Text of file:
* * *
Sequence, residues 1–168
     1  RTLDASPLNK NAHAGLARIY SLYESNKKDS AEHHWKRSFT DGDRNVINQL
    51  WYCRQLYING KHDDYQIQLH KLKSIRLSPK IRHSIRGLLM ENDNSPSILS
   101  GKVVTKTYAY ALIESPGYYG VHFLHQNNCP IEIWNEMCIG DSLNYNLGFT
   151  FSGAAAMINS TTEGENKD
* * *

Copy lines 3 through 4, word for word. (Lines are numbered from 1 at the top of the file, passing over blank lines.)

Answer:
    51  WYCRQLYING KHDDYQIQLH KLKSIRLSPK IRHSIRGLLM ENDNSPSILS
   101  GKVVTKTYAY ALIESPGYYG VHFLHQNNCP IEIWNEMCIG DSLNYNLGFT